Joe Proto wrote:I have been out of town for a few days but want to keep the conversation going. Everyone's ideas and feedback have been great and have served to shape the direction of the idea of Lego-izing polyculture. There seems to be a few different directions that this post is moving towards.
One direction is for a simple infographic similar to the USDA "Plant Hardiness Zone" map.
Another solution suggested is the method that James Colbert put forth with creating a seed mix comprised of at least 3 different plants from each of the 4 categories listed below. The mixes would be tailored for dry, temperate and cold environments:
Pest Management (Insect attracters/repelers)
Soil conditioners (looseners/nutrient minners)
And lastly a solution which is highly data driven and dependent on a extensive relational database to allow a user to input specifics about their plot and output a complete planting plan.
In my opinion all these possible solutions are equally valid and its great to see the creativity that everyone has put into this post. I think we should start small and branch out. Crawl, walk, run.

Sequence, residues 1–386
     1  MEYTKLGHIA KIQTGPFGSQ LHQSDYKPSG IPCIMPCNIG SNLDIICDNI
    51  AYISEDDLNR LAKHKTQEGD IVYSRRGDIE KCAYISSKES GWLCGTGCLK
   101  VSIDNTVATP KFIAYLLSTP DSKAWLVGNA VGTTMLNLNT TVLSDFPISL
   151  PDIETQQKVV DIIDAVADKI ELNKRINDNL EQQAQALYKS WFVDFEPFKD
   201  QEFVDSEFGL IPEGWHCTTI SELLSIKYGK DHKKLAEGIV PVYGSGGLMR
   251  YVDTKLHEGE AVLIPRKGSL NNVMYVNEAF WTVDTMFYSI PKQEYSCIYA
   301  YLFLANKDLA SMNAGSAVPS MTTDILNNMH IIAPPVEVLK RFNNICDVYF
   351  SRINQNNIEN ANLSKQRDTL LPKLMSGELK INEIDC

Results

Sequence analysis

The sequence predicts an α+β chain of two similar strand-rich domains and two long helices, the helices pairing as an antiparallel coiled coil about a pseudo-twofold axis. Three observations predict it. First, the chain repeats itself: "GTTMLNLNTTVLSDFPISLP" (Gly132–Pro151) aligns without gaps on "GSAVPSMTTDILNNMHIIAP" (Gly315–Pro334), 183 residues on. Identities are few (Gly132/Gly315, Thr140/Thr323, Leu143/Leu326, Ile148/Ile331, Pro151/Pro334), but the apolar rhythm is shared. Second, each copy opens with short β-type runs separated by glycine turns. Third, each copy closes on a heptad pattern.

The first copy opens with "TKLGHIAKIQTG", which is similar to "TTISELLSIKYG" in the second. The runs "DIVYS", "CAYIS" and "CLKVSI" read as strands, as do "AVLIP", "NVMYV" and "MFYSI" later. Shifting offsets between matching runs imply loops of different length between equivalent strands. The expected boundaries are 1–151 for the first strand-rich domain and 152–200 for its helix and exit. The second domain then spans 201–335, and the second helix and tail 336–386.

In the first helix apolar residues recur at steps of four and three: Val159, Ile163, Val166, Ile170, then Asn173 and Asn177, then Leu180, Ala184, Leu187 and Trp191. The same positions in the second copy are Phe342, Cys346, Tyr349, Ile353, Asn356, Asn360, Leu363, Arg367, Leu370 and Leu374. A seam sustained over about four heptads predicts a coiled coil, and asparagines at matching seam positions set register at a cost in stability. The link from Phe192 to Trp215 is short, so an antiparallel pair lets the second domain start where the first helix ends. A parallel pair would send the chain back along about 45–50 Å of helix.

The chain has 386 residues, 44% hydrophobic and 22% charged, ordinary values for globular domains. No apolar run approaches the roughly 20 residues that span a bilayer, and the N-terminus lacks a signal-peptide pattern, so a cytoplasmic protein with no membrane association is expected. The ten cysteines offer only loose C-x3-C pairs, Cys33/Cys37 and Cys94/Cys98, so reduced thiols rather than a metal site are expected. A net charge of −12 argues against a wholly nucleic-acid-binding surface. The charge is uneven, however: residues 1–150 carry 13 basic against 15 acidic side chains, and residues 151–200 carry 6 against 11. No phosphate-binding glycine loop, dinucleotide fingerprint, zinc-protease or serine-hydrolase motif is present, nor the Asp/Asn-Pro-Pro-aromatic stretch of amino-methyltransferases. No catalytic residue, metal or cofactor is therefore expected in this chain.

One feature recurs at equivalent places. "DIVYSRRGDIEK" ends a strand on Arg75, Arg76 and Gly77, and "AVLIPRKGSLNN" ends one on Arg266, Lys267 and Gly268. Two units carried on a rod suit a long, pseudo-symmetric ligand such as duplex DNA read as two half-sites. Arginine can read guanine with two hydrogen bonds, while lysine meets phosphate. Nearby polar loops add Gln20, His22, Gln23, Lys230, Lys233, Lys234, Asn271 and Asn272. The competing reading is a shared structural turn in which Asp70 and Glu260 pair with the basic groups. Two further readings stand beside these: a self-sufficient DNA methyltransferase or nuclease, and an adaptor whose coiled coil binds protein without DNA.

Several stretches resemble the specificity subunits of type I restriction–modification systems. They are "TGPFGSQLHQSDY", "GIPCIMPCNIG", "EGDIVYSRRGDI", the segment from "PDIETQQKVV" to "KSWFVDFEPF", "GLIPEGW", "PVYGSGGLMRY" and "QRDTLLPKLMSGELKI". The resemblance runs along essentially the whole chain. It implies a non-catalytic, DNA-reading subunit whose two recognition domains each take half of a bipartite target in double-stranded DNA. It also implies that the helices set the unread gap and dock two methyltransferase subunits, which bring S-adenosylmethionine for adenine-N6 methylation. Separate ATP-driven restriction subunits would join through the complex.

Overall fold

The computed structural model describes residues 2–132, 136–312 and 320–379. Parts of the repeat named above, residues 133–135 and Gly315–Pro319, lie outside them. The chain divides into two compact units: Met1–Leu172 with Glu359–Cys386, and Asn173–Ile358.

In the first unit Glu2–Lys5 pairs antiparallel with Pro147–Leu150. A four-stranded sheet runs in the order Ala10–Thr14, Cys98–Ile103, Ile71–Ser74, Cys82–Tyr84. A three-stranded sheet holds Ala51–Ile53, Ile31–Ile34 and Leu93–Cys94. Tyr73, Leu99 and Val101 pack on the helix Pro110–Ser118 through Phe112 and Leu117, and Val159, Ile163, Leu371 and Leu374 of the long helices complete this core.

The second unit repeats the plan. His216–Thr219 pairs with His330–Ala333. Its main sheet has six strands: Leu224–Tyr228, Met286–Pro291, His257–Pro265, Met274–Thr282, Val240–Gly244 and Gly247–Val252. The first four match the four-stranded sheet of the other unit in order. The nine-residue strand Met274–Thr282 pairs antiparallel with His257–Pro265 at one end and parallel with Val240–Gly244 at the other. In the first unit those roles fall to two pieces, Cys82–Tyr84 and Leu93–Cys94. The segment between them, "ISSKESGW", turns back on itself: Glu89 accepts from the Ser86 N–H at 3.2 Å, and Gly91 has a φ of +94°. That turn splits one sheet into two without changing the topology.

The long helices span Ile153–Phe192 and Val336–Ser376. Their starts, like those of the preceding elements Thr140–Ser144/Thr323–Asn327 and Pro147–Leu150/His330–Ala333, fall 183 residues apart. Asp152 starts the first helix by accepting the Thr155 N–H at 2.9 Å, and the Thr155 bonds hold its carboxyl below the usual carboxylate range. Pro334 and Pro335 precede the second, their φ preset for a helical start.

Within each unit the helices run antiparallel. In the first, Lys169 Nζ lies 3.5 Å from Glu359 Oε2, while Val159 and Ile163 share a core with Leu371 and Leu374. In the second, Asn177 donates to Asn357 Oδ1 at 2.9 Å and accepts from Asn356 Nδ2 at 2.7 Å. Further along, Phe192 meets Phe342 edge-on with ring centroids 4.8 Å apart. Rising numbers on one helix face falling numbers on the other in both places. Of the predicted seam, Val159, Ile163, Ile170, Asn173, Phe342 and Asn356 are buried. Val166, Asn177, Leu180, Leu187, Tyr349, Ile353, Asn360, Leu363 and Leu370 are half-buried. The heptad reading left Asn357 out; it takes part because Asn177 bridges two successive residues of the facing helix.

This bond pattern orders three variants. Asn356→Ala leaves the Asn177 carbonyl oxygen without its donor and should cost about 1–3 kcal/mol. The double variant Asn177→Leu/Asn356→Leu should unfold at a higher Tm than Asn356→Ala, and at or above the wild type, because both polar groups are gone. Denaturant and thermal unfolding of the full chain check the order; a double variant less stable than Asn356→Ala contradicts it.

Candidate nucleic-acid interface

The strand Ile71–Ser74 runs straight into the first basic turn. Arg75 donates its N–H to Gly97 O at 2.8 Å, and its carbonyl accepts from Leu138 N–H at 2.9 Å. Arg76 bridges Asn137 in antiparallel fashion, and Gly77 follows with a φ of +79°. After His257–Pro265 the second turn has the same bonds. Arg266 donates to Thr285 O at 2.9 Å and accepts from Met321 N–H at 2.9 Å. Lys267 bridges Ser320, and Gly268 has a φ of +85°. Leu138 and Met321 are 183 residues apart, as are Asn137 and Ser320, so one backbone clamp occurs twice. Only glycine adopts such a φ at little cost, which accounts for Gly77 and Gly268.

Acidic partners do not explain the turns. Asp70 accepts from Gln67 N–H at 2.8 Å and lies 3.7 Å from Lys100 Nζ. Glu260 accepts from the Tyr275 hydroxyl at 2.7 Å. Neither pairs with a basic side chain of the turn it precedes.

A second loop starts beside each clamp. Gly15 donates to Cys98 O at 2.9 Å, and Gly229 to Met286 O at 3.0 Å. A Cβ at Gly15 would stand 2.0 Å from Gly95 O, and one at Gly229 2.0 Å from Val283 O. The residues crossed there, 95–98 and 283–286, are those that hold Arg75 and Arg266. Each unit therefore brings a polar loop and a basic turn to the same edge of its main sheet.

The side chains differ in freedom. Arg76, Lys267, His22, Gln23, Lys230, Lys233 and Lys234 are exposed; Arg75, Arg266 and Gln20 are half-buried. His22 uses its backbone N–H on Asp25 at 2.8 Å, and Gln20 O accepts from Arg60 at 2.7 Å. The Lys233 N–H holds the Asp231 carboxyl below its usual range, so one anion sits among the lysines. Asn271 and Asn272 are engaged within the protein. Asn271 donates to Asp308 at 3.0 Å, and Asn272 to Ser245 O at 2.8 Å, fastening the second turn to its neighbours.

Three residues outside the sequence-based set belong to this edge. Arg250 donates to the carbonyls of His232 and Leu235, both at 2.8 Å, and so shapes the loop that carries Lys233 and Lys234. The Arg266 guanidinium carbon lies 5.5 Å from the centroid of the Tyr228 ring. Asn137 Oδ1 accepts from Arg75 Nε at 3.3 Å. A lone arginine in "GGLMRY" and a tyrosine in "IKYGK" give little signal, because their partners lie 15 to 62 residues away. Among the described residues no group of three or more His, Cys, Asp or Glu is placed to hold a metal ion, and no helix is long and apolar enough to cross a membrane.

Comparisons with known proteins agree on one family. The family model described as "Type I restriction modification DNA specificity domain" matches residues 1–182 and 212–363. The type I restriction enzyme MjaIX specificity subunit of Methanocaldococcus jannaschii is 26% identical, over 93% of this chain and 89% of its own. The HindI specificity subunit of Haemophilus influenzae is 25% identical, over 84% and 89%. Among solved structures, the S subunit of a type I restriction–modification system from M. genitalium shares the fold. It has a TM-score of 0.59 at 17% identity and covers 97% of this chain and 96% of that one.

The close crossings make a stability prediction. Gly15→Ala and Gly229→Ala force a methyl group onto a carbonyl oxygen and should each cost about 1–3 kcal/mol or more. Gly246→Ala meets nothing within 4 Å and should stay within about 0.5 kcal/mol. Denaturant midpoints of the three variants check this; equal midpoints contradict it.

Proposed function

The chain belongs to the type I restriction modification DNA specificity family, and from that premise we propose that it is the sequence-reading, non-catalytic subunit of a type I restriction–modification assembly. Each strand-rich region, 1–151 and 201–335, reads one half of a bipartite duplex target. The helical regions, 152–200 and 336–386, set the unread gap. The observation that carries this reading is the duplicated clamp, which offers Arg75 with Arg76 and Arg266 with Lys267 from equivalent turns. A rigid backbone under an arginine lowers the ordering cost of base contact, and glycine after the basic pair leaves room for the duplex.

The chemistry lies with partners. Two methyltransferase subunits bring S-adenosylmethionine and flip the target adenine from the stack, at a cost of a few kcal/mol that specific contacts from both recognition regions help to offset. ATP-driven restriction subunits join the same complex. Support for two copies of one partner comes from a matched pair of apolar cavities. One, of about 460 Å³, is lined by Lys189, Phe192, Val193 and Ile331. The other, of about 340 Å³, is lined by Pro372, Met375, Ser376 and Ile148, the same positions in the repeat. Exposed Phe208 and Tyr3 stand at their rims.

I really like the idea of combining James's 4 category method with a simple to use infographic and I will work towards this. I believe that I can create a map of the US shaded similar to the Plant Hardiness Zone map to denote dry, temperate and cold environments and then provide a list of appropriate seed mixes for that climate.
@James Colbert: James would you be willing to create the necessary prototype seed mixes for dry and cold climates? We already have the very detailed one you submitted for temperate climates.
As always please continue to post your great ideas and feedback as I think that collectively we can create something useful and wonderful.
Tim Southwell wrote:Just an fyi, Cloud 9 farms in Montana has a custom made Polyculture seed mix with perennials, annuals, nitrogen fixers, cold hardy, natives, etc. I can send list if interested, but understand they will be posting to Permies in the next week. I plan to use the mix to modify my pastures which have monoculture hay grass for decades.
James Colbert wrote:As promised, a general seed mix intended to work in most climates:
Helianthus Tuberosus (sunchoke)
Landino White Clover
Pea (Pisum Arvtiuse)
Siberian Pea Shrub
This is intended to be a living mix, so species should be added or subtracted based on conditions. This is just a basic template that should produce good results in most places.